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Read Introduction to 1 John


“If we confess our sins, He is faithful and just to forgive us our sins and to cleanse us from all unrighteousness.”


Verse 9 is the reverse of verse 8.  Confession of sin is the opposite of the claim that we are not guilty of sin.  This verse is a counter-claim to verse eight that Christians are not guilty of sin.  The Christian who denies guilt deceives himself. 

Verse 7 is cleansing from the principle of sin, whereas verse 9 is cleansing from the practice of sin. 


The “if” here is hypothetical. Maybe we will confess, and maybe we will not confess.  It is conditional on our will or volition. 

we confess

The word “confess” means to speak the same thing, to assent, accord, agree with, concede, acknowledge. The idea is to confess by means of admitting guilt.  Confession is saying what God says about our sins – that they are violations of God’s character.  Sins are not blunders or mistakes but the desecration of the character of God.  There is a danger in losing fellowship with God if we conceal our sins. 


Confession based on the blood of Christ is our authority for fellowship with God because it acknowledges any violations of His character. 


Walking in the light involves increased consciousness of our sinful unrighteousness and taking active steps to rid ourselves of that sin by claiming God’s forgiveness and cleansing through open confession of sin before God. 

Believers who desire to walk with God confess their sin openly and frankly to God.  We make the judgment that our sins are awful before God.  We agree with God in condemning sin.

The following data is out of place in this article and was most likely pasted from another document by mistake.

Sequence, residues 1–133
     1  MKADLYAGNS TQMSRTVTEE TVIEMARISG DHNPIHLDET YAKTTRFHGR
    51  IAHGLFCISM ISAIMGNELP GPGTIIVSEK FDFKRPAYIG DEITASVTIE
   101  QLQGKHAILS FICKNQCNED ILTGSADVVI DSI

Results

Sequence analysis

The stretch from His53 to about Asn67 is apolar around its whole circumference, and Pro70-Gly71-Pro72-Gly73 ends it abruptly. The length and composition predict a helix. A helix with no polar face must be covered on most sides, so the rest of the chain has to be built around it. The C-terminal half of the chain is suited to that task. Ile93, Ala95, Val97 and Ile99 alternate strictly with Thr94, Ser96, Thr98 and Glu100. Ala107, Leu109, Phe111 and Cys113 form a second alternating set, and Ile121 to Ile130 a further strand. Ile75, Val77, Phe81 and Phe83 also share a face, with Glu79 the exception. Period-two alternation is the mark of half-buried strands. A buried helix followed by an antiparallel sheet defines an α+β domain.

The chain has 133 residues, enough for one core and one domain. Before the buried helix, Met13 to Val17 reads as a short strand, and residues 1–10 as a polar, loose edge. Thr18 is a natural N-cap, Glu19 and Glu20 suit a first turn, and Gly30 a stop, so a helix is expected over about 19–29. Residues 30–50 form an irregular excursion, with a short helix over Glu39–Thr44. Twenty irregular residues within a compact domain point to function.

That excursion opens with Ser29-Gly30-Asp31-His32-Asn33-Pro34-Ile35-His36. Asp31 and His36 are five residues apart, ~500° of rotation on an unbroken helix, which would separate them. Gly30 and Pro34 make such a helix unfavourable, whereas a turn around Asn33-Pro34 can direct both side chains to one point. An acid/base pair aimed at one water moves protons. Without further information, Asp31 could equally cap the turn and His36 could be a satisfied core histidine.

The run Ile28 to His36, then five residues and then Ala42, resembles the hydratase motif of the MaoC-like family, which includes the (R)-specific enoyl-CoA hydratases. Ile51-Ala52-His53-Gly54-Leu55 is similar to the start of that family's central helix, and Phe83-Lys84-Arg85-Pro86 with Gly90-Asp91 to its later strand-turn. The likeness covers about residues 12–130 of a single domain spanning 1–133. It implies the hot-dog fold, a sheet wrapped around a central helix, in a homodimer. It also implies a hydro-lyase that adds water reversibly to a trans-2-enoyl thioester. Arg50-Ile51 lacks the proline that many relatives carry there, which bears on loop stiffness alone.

Confession does not mean to plead with God for forgiveness, feel sorry for sin, to pray for forgiveness, to feel sorry for sins, or to make restitution for our sins.  No, the idea is to accept the idea that our sins violate an absolutely holy God and that our only solution for sin is the death of Christ on the cross. 

Some claim that there is no need to confess sin because we already have forgiveness (Ep 1:7).  This idea confuses positional forgiveness with experiential forgiveness.  God finally and fully forgives us in our positional forgiveness.  In this sense, we never need forgiveness again.  God forensically forgives us forever in positional forgiveness.  However, when it comes to fellowship with God, we need to confess specific violations to God’s character. 

The forgiveness of 1:9 is experiential forgiveness.  God always bases our experiential forgiveness on our positional forgiveness.  A son may fall out of favor with his family, but he is still a member of the family.  The issue in experiential forgiveness is not acceptance by God but fellowship with Him.  Continual forgiveness allows us to fellowship with God on an ongoing basis. 

We always view sin for what it really is – a violation of God’s character.  That is why God will forgive our sin based only on the cross of Christ.  God forgave sin when Christ paid the penalty for that sin.  Jesus meets all of the Father’s holy demands by His payment for sins on the cross.  Jesus died in the sinner’s stead; He died in our place.  It cost Jesus Christ a great deal to qualify us for forgiveness. 


For a detailed study of 1 John 1:9, go to this link: